The Nigerian military is now freeing areas from Boko Haram control, but they are uncovering starving people, stripped of their farms and crops by the terrorists, or driven from their homes with nothing.


Another malnourished child lies helpless (Photo: Andy Commins/Daily Mirror)
Of the two million people displaced in northeast Nigeria, most of them are in Borno. Fatima and Khadija fled to the state from their hometown of Gumsa, over 125 miles away, when they heard Boko Haram was rampaging towards them.

“We heard of executions. We think they burnt our crops,” says Fatima.

The population of Maiduguri, the capital of Borno, has doubled due to the refugee crisis , and it is still regularly attacked by Boko Haram suicide bombers.

There are 18 camps in the city – and more than 40 across Nigeria’s northeast. Those who have made it to these centres have a chance. But an *estimated two million are stuck in areas not yet cleared by the military.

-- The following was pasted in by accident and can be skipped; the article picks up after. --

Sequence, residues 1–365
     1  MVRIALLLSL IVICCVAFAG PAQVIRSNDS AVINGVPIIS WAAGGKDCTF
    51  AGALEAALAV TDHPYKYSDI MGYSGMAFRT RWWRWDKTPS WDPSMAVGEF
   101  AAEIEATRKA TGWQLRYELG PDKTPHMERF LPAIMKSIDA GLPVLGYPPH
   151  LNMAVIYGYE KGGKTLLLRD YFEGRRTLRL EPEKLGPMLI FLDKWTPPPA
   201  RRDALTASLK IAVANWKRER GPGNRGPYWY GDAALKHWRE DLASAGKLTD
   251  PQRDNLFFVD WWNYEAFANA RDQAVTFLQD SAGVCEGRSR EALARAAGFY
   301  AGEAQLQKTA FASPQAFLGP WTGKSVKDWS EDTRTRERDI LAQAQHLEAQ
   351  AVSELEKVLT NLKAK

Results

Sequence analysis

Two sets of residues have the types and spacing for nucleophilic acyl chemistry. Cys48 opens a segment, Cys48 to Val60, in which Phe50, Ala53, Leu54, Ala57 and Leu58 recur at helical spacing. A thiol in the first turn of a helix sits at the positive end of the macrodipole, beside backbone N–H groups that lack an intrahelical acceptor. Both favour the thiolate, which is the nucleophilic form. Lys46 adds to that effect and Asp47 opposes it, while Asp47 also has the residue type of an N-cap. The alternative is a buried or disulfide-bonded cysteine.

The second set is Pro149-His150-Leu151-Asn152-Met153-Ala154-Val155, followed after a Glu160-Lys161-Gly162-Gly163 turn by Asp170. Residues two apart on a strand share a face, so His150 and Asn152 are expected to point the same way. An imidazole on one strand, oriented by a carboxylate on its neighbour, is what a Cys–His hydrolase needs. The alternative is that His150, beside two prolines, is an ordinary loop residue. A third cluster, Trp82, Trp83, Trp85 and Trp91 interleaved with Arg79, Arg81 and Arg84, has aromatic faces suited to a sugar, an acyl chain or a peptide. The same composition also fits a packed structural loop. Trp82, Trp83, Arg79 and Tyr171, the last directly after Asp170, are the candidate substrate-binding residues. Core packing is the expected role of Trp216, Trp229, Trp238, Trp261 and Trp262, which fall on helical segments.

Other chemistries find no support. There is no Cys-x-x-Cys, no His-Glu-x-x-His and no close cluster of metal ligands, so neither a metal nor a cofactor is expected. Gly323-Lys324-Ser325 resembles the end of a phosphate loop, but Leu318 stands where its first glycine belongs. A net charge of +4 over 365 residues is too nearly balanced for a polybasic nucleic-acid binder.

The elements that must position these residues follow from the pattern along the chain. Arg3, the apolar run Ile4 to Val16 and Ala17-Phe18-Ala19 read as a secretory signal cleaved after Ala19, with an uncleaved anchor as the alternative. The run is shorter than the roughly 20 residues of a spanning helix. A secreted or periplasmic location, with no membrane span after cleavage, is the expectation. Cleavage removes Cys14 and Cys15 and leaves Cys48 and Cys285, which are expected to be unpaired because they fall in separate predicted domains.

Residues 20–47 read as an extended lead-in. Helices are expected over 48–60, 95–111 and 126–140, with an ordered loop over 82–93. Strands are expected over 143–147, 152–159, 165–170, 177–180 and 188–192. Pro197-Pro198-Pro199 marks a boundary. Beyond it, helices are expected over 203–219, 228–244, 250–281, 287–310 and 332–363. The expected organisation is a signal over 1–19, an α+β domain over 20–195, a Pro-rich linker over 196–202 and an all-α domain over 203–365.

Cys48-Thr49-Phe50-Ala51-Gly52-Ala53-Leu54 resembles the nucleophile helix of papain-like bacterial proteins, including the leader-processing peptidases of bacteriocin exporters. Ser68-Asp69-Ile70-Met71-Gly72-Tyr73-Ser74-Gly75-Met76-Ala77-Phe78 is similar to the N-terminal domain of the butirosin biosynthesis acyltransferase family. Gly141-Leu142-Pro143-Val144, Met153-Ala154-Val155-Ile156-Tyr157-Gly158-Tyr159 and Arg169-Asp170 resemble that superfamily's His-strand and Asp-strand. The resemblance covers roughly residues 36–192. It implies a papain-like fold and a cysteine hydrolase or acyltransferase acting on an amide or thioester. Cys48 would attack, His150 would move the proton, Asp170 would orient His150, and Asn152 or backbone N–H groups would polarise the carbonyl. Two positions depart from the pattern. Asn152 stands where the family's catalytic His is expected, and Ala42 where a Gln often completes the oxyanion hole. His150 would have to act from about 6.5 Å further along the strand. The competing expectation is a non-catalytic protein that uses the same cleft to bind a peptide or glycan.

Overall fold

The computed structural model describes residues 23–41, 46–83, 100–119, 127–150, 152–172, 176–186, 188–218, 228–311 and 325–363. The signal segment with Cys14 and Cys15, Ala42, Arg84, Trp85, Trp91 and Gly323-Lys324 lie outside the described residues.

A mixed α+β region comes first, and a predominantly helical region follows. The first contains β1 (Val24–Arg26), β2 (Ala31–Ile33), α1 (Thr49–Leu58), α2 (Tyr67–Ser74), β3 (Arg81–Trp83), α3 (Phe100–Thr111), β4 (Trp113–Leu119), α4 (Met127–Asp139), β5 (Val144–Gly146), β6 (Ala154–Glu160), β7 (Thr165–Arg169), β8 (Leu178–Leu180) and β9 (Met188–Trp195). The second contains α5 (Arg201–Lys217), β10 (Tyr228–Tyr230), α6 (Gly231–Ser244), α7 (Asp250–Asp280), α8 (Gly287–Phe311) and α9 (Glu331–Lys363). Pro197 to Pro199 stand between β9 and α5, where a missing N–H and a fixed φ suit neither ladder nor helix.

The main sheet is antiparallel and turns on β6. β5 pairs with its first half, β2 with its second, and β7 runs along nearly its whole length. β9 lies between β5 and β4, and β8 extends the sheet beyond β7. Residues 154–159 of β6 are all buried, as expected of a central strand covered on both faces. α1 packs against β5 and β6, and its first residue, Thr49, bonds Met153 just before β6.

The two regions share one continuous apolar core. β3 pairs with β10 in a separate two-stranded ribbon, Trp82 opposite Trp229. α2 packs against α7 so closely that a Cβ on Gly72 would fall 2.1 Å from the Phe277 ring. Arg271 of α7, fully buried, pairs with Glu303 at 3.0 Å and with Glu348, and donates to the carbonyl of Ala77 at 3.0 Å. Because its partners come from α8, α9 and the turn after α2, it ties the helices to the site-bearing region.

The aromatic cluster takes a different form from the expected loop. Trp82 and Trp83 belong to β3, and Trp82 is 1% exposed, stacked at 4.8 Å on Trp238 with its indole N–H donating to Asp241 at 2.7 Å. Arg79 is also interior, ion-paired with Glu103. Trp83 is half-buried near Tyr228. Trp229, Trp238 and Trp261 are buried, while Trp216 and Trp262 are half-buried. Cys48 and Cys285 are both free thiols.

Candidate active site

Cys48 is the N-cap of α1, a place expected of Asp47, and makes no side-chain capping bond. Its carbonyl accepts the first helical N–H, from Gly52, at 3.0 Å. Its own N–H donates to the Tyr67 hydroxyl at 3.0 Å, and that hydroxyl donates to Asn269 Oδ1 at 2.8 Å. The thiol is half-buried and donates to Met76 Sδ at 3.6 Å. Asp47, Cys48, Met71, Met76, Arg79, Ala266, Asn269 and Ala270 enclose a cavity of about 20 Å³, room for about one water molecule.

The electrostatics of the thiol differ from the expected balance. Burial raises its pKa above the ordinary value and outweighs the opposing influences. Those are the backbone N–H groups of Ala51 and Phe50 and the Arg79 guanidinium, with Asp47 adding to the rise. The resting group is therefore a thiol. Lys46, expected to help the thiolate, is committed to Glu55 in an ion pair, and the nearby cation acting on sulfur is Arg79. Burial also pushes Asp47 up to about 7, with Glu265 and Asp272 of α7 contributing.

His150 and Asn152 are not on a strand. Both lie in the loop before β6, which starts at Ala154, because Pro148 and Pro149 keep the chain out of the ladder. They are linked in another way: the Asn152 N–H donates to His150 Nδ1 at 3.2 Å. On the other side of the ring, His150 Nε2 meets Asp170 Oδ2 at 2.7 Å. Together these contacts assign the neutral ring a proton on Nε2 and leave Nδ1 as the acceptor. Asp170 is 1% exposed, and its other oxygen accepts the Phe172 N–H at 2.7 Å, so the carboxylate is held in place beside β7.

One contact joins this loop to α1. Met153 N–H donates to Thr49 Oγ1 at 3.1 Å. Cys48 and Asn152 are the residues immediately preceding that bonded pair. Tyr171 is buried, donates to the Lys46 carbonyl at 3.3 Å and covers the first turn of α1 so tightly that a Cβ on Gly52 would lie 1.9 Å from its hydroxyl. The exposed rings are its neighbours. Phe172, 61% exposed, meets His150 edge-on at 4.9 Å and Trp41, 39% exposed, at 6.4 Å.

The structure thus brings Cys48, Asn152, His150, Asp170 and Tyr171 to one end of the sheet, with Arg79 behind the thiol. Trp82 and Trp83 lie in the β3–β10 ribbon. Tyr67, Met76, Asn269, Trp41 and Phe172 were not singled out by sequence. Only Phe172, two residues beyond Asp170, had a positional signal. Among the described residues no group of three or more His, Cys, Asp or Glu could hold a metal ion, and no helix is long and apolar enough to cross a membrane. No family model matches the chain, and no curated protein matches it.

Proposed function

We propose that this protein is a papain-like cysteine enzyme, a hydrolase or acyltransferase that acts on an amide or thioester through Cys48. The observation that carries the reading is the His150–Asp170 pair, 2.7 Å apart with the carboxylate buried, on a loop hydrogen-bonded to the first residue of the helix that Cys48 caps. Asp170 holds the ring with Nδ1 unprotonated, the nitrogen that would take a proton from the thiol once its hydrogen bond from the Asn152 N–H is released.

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Khadija and her family were driven from their home in Mafa by Boko Haram (Photo: Andy Commins/Daily Mirror)
“People will die if aid is not given. They are already dying,” says Orla Fagan, of the UN ’s Office for the Coordination of Humanitarian Affairs.

“Across the three worst-affected states – Borno, Yobe, and Adamawa – 450,000 children are facing severe, acute malnutrition.”

Tragically, it is predicted that one in five of them will die if they don’t get help. Last week, the UN and the Nigerian government launched a £800million humanitarian response plan – but they desperately need donations.

The current horrors are worryingly reminiscent of the Biafran war of the late 1960s, when fighting and famine killed one million people. Images of emaciated children, their stomachs distended due to protein deficiency, horrified people across the world. In the mid-80s, widespread starvation in Ethiopia made global headlines.